What I really want to focus on is how much I actually appreciate the mode in which Apatow works. He has this inherent knack for picking out young, aspiring comedians and molding their story with elements of fiction for storytelling and finds a way to blend really substantial humor with some serious and heartfelt moments. He did it frequently in the few episodes of Freaks and Geeks that he directed way back at the beginning of his career. This brought us Seth Rogen, James Franco, Jason Segel, Martin Starr and Linda Cardellini to name just a few he skyrocketed to fame. But he’s done the same thing a number of times on the big screen as well. Sure some of his flicks are fairly sophomoric and I’m totally down with that. And they have their time and place for me where I just need something stupid funny to kick back and relax. Apatow has a penchant for low brow like many of the greats. However, the way he’s been able to elevate certain comedians is just magic to me. Trainwreck with Amy Schumer is easily her best work to date, both film and comedy. The Big Sick with Kumail Nanjiani has really helped put him more front and center as well. His career is very much on the upward trajectory with him even joining the MCU in the upcoming film “The Eternals” where he got SUPER ripped and buff. And now Apatow has seen that same molding clay in the talent and story of Pete Davidson.

Davidson is one you’d probably most readily recognize from sporadic appearances on SNL. He’s been in the cast for a few years now but he’s hardly a mainstay of many sketches. His tattooed facade and boyish look type cast him regularly. If you took Jimmy Fallon in his SNL days back in the late 90’s and early 00’s, tatted him up and surrounded him with weed jokes and rap music, you’d have a pretty reliable facsimile of Pete Davidson. And because of that, as well as some genuine mental health issues that Davidson has been fairly candid about at times, he’s been spotty in his appearances on SNL as well as other vehicles. Outside of that probably his most noteworthy accomplishment was a short lived but very public romance with singer Ariana Grande a couple years ago. These are the two outlets I would imagine most people would recognize him from professionally. While the latter isn’t necessarily a “gig” he had, it was probably equally beneficial for his career and visibility. Either way, this movie is a big deal for him and the trajectory of his career and after watching it, I have much higher hopes for Davidson.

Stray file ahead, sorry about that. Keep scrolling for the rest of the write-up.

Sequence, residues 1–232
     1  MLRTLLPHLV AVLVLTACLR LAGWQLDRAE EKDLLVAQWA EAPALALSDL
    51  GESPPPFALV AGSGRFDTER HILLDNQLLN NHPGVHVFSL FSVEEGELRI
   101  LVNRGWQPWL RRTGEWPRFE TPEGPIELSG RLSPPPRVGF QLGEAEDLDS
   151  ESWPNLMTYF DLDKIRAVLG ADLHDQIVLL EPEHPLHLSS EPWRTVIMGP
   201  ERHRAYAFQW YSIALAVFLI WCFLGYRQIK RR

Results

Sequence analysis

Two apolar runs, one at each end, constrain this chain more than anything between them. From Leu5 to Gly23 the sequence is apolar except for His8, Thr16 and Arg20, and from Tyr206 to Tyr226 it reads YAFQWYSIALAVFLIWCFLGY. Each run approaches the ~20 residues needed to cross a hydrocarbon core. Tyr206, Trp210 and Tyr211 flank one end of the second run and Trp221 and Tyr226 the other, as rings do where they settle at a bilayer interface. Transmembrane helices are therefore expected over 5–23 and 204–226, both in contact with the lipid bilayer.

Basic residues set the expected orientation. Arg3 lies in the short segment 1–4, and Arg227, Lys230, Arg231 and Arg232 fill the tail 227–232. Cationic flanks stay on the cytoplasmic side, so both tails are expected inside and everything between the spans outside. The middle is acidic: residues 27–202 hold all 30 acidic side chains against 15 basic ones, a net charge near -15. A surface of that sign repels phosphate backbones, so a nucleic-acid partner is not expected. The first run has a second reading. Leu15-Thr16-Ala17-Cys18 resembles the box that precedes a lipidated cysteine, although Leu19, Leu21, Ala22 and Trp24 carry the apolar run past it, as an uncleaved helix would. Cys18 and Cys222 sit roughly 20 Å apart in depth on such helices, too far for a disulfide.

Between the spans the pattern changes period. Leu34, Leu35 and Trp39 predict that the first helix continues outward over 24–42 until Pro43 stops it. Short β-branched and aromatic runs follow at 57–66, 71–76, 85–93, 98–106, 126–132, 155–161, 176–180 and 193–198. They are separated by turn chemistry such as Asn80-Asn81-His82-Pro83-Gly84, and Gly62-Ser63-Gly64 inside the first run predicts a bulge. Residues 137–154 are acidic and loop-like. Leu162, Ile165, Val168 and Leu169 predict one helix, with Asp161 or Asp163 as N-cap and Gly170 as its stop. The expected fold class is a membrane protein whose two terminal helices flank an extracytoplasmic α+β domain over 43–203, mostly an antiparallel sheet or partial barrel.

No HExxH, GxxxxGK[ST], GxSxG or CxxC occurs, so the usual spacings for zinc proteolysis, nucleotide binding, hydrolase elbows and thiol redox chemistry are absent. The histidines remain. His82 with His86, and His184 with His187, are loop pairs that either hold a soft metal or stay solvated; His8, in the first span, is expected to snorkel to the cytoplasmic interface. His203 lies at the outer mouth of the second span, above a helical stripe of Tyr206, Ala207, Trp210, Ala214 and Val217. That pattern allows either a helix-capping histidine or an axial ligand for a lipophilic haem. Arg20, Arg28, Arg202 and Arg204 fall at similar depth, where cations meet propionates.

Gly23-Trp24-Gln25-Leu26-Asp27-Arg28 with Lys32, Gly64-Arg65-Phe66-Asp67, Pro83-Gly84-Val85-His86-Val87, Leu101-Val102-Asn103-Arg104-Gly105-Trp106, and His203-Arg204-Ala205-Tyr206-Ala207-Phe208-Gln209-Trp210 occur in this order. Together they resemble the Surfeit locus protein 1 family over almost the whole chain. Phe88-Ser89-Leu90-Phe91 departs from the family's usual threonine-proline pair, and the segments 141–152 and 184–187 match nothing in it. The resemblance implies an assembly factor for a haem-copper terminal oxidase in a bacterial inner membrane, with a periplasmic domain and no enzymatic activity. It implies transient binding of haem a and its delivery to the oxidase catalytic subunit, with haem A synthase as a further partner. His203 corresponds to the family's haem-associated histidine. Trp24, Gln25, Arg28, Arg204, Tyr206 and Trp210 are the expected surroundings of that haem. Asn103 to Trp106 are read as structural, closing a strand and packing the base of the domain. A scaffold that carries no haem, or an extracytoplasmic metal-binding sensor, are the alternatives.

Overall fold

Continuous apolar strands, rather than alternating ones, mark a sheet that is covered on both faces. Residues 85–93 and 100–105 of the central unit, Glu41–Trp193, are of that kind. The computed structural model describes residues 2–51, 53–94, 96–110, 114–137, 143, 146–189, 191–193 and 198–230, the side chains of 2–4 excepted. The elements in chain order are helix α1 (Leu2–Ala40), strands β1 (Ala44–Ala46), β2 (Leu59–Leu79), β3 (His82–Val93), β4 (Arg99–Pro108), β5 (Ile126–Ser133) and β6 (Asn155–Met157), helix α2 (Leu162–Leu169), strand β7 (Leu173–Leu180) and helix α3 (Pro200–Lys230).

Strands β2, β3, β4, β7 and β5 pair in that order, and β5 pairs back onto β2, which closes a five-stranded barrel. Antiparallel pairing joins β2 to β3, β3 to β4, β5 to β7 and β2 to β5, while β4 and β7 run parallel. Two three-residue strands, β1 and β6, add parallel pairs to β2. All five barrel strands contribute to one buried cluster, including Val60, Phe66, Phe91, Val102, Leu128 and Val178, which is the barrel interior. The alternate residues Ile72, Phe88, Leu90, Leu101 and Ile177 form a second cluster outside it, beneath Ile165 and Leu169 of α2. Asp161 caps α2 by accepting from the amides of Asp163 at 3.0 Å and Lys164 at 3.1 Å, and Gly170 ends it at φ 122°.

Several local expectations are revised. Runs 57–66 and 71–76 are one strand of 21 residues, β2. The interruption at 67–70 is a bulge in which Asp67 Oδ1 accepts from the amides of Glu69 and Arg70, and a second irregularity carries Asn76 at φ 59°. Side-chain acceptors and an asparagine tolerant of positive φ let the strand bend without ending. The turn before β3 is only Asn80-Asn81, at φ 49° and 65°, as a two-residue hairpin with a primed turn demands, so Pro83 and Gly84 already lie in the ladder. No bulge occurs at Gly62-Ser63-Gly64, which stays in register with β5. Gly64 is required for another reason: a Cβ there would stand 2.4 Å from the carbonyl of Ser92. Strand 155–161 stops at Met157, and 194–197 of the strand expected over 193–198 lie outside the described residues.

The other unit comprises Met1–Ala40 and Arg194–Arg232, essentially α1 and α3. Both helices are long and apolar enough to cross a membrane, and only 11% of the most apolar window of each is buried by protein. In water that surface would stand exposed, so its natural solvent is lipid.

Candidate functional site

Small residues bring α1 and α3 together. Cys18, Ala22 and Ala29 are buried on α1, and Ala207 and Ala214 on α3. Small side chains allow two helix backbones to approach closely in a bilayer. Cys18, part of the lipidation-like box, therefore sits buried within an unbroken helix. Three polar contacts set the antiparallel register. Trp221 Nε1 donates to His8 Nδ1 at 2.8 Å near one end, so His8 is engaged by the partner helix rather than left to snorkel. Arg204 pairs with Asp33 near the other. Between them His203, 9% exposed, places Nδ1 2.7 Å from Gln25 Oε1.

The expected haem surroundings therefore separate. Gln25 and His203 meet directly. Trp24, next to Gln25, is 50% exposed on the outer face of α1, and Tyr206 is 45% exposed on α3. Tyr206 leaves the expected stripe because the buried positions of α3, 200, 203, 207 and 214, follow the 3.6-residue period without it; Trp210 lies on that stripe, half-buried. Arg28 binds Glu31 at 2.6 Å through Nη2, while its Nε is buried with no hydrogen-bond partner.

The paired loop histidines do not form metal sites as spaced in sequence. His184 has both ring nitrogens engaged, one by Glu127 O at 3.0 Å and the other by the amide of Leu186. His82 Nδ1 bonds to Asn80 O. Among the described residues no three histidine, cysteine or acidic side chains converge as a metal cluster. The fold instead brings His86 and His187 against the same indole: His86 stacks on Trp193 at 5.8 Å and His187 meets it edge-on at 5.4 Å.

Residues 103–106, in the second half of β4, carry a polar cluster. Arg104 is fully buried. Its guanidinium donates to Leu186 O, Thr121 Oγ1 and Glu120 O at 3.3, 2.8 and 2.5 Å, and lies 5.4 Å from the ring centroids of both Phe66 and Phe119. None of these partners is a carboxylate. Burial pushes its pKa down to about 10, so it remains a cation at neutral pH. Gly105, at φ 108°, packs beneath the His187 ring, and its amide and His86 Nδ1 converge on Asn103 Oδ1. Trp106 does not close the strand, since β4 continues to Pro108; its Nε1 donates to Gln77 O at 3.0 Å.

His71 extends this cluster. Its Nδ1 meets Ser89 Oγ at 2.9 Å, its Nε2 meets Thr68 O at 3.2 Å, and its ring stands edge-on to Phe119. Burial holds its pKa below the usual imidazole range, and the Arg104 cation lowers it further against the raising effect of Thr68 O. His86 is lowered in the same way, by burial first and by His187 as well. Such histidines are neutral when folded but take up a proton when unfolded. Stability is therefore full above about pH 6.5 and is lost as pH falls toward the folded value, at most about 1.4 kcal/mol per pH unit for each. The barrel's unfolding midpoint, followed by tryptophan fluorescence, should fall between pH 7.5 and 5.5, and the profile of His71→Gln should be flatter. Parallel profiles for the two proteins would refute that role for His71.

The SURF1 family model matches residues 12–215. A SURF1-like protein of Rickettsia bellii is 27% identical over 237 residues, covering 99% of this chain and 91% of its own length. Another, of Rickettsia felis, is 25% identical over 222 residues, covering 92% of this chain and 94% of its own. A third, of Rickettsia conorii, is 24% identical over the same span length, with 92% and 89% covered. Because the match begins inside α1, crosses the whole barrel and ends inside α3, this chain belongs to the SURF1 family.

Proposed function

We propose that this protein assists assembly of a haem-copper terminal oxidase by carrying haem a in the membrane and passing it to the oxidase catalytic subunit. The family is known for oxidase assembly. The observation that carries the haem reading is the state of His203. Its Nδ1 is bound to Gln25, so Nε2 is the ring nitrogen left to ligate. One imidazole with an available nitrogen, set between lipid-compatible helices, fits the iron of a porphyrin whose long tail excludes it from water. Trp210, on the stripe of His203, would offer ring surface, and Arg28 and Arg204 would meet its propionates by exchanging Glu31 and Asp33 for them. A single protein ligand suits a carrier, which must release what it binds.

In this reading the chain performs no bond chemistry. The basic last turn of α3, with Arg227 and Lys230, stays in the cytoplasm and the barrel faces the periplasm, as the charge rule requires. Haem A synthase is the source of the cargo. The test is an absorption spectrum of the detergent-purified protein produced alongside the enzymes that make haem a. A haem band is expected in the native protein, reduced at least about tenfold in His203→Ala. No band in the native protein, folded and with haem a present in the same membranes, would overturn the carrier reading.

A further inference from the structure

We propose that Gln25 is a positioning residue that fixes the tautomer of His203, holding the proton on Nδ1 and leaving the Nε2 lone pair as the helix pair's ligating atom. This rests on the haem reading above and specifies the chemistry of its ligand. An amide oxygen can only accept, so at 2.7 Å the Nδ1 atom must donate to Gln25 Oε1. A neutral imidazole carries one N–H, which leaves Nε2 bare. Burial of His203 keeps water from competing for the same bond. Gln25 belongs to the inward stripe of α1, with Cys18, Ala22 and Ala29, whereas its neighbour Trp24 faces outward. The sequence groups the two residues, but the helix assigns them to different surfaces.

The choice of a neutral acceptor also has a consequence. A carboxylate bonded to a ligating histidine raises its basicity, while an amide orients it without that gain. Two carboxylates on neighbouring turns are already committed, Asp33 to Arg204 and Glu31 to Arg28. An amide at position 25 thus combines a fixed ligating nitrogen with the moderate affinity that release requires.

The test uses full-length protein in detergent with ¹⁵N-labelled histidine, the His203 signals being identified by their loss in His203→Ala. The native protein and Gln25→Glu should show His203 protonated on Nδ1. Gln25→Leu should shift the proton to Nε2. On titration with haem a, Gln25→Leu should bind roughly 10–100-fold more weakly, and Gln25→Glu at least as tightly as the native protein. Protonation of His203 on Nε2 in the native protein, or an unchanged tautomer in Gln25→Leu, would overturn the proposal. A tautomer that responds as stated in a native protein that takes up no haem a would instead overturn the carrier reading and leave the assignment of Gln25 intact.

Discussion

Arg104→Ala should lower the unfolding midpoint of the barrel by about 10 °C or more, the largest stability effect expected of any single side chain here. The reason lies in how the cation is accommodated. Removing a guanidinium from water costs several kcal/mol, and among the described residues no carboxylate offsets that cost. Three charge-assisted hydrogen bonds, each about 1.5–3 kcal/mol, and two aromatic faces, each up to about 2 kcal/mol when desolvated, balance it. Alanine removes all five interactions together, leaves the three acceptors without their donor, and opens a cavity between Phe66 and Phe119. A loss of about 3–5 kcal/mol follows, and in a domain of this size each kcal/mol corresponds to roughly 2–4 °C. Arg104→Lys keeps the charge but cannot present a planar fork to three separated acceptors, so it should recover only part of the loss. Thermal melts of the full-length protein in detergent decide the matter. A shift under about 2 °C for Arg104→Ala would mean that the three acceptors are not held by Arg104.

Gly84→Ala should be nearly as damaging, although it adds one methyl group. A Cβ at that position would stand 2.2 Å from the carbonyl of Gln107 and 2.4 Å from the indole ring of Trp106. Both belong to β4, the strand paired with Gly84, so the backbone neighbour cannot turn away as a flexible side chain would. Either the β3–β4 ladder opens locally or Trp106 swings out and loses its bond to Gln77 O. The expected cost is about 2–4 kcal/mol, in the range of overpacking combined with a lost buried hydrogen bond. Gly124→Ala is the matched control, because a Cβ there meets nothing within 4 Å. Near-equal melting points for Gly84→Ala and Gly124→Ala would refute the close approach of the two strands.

The other, and maybe better comparison that Davidson garners regularly is a modern day Adam Sandler. I can definitely see this in many ways. Even when Sandler was in his heyday on SNL, he was still a character guy and didn’t regularly command a scene with authority but worked better as part of an ensemble. If it was Farley and Spade, something with Rob Schneider or his various stints as random caricatures on Weekend Update, Sandler had a niche and worked it to his advantage regularly with a significant return on his investment now decades later. Many of Sandler’s stand alone films were based on SNL characters he played. Davidson really captures that same lovable brashness that Sandler embodies. They have very similar ability and timing when it comes to their controlled outbursts. What I like about Davidson after watching KoSI (yes, I’m abbreviating now too. Whatever.) is that he really does have a presence when he wants to. He plays off of his seeming incompetence and low self esteem but not in an overt, self deprecating sort of fashion. There are definitely times where he’s using it for a bit of sympathy but not in that subversive, attention seeking way. You actually believe that he believes he’s not worthy of this or that because I think he really does feel that way. And it doesn’t make you want to roll your eyes like he’s fishing for compliments but it lends itself to a real sympathy you feel for him and his character in the film. I think because of this, he walks that line where art imitates life with a precision that leaves me wanting more of Pete Davidson.

The last thing I’ll say about the movie, and I’ll do so in nondescript terms so as to not give anything away, is that it doesn’t end like a lot of movies. There’s a happiness to the ending of the film, but its not a happy ending. There’s an open endedness to the story but not in that lack of closure sort of fashion where you decide what happens. The movie is a mechanism whereby Davidson’s character is able to begin growing up and so at the end of the movie, the story isn’t finished so it’s not proper to end it. But its at a plateau where you don’t need to necessarily figure out what happens next. It’s a very satisfying ending in my estimation because it really does mirror the whole pace of the storytelling. I think this is where Apatow and Davidson come together intertwined in their film making and writing abilities to showcase what kind of story this is. I genuinely enjoyed it. Over the weekend I had been toying with watching it and not because the price tag was $20 and its just me watching it. I share my subscription account with the rest of my family so maybe one of them will also get a watch and enjoy it. I’m somewhat hopeful of that just in the sense that other people can enjoy it as well. But I kept going back and forth because I wanted to watch it after seeing the trailers and reading up on it. It was getting high praise and solid ratings from those who were seeing it. With all that pushing me forward and then just feeling some misguided sense of responsibility to whoever may be on the other side of this little write up, I took the plunge and I don’t regret any part of it. Honestly, I may watch it again in the next couple of days just for the heck of it. I don’t know what scale I’d use if its an A- (just because I feel like I should reserve that top spot for the best of the best) or it its 4.5 out of 5 stars or what. However you want to rank this film, it’s a refreshing NEW movie for us to enjoy in this desert of new releases we still find ourselves in at this time. And it’s not animated. You could pop some popcorn, grab a beverage and some snacks and enjoy a date night in for sure with this movie. You will laugh for sure. And I don’t necessarily qualify any real tears. There’s a couple heartfelt moments but its really just a solid movie from start to finish in my book. So I’ll leave it at that. Thank you for entertaining my written wiles on all things King of Staten Island. As always, I’ve been your Cinemaster to the North, Adam Peterson. I’ll catch you on the flip side.